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Partial Adjustment Analysis of Income and Jobs, and Growth Regimes in the Appalachian Region with Smooth Transition Spatial Process Models

Author

Listed:
  • Dayton M. Lambert

    (Department of Agricultural and Resource Economics, University of Tennessee, Knoxville, TN, USA)

  • Wan Xu

    (Wan Xu is a graduate student at the University of Florida, Gainesville, USA)

  • Raymond J. G. M. Florax

    (Department of Agricultural Economics, Purdue University, West Lafayette, IN, USA
    Department of Spatial Economics, VU University, Amsterdam, The Netherlands
    Tinbergen Institute, Amsterdam, The Netherlands)

Abstract

In this application, income and job growth in the eastern United States are explained using a partial adjustment model with regime switching potential and spatial spillover, or “Smooth Transition†spatial process models (STAR). This relatively new class of spatial regression models provides a parametric approach to testing hypotheses about the influence external economies have on “core-periphery†structures characterizing the Dixit-Stiglitz-Krugman type models describing regional economies. Growth is endogenized as a locally contagious process and specific to regimes, which are also endogenously determined by access to urban economies. The estimation approach relaxes distributional assumptions, using instruments to estimate the STAR process models with special attention given to instrument selection and definitions of spatial neighbors. In the empirical analysis, the authors focus on the specification of partial adjustment models by employing a common factor test to discern serial correlation from partial adjustment processes. Finally, an ex post qualitative analysis is conducted using phase diagrams to study convergence and stability properties of the regime-specific equilibrium solutions. A sensitivity analysis suggests that steady state employment levels in counties with Appalachian development highway networks is higher than counties without this infrastructure, but income levels are not different.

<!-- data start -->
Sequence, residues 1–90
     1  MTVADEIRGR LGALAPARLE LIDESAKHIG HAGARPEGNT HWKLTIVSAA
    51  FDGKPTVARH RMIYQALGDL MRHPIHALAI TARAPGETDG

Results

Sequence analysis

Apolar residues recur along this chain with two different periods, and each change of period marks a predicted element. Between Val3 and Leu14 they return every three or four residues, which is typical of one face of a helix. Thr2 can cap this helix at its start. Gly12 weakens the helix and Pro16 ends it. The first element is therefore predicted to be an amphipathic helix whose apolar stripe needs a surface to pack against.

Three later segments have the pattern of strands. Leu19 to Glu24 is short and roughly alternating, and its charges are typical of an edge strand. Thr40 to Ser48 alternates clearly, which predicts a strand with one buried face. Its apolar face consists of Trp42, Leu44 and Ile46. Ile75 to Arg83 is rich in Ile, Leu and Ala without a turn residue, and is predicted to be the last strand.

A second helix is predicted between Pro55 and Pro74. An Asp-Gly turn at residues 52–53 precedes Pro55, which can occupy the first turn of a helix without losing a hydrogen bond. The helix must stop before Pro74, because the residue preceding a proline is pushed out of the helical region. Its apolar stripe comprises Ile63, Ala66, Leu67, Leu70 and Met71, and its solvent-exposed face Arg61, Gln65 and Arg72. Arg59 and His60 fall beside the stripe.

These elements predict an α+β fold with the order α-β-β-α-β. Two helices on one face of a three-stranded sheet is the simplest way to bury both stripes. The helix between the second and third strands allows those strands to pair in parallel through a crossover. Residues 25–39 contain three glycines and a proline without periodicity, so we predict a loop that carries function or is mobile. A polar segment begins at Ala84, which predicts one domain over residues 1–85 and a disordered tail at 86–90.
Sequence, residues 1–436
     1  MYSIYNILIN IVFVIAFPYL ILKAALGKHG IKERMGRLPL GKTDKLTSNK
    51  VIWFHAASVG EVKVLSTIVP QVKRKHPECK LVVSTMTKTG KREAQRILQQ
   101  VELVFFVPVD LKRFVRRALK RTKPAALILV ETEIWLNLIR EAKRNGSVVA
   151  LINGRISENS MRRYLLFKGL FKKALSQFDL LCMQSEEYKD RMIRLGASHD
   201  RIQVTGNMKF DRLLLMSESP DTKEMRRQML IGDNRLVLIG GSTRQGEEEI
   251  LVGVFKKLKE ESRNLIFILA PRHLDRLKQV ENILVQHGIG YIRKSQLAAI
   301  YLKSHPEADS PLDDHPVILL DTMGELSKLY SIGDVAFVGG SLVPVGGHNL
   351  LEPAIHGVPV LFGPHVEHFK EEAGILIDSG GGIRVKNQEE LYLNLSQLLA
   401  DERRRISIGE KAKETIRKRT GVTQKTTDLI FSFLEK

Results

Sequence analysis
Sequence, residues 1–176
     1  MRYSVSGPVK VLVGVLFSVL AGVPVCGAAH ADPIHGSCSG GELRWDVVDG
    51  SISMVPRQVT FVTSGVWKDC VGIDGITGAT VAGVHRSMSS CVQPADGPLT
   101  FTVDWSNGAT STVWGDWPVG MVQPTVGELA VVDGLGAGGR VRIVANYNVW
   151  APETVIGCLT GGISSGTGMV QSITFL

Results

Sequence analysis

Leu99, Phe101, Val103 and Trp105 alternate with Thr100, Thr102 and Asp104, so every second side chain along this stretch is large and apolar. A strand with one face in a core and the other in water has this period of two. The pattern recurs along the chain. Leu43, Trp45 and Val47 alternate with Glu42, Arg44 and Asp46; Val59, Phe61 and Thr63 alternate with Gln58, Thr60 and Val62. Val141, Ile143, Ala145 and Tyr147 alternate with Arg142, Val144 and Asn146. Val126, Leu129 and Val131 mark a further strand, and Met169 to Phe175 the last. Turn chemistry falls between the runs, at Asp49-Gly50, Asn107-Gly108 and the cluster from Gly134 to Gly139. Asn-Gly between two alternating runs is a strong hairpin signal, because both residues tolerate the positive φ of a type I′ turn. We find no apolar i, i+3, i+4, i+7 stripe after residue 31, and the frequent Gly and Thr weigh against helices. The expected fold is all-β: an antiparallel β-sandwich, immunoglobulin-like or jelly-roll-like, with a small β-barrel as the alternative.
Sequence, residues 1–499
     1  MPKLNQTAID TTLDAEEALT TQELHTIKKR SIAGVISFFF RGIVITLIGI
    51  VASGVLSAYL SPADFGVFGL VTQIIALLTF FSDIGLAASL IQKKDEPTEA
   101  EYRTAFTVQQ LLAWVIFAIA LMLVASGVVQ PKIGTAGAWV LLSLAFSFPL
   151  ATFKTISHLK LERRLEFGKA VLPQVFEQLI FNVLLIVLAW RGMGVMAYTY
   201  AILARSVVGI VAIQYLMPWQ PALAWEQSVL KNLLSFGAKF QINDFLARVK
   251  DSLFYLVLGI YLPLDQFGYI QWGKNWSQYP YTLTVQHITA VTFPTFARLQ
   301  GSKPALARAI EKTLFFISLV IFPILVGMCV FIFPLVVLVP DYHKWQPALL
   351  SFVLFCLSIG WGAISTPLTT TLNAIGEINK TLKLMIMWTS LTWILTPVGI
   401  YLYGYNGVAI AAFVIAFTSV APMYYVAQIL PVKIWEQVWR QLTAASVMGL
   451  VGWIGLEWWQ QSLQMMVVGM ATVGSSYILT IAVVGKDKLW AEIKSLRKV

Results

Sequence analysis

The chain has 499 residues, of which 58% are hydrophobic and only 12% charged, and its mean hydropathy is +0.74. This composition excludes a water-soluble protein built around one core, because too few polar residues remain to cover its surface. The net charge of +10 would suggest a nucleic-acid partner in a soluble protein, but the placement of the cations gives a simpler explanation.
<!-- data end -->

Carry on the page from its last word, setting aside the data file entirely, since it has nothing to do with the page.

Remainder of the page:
Suggested Citation

  • Dayton M. Lambert & Wan Xu & Raymond J. G. M. Florax, 2014. "Partial Adjustment Analysis of Income and Jobs, and Growth Regimes in the Appalachian Region with Smooth Transition Spatial Process Models," International Regional Science Review, , vol. 37(3), pages 328-364, July.
  • Handle: RePEc:sae:inrsre:v:37:y:2014:i:3:p:328-364
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    References listed on IDEAS

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    Cited by:

    1. Di Caro, Paolo, 2014. "Testing and explaining economic resilience with an application to Italian regions," MPRA Paper 60298, University Library of Munich, Germany.
    2. Basile, Roberto & Durbán, María & Mínguez, Román & María Montero, Jose & Mur, Jesús, 2014. "Modeling regional economic dynamics: Spatial dependence, spatial heterogeneity and nonlinearities," Journal of Economic Dynamics and Control, Elsevier, vol. 48(C), pages 229-245.
    3. repec:bla:presci:v:96:y:2017:i:1:p:93-113 is not listed on IDEAS
    4. Di Caro, Paolo, 2014. "Regional recessions and recoveries in theory and practice: a resilience-based overview," MPRA Paper 60300, University Library of Munich, Germany.
    5. repec:spr:anresc:v:60:y:2018:i:2:d:10.1007_s00168-017-0816-7 is not listed on IDEAS
    6. Brown, Jason & Lambert, Dayton, 2014. "Location decisions of natural gas extraction establishments: a smooth transition count model approach," Research Working Paper RWP 14-5, Federal Reserve Bank of Kansas City.
    7. Pede, Valerien O. & Florax, Raymond J.G.M. & Lambert, Dayton M., 2014. "Spatial econometric STAR models: Lagrange multiplier tests, Monte Carlo simulations and an empirical application," Regional Science and Urban Economics, Elsevier, vol. 49(C), pages 118-128.
    8. Timo Mitze & Torben Schmidt, 2015. "Internal migration, regional labor markets and the role of agglomeration economies," The Annals of Regional Science, Springer;Western Regional Science Association, vol. 55(1), pages 61-101, October.
    9. repec:eee:appene:v:218:y:2018:i:c:p:266-281 is not listed on IDEAS

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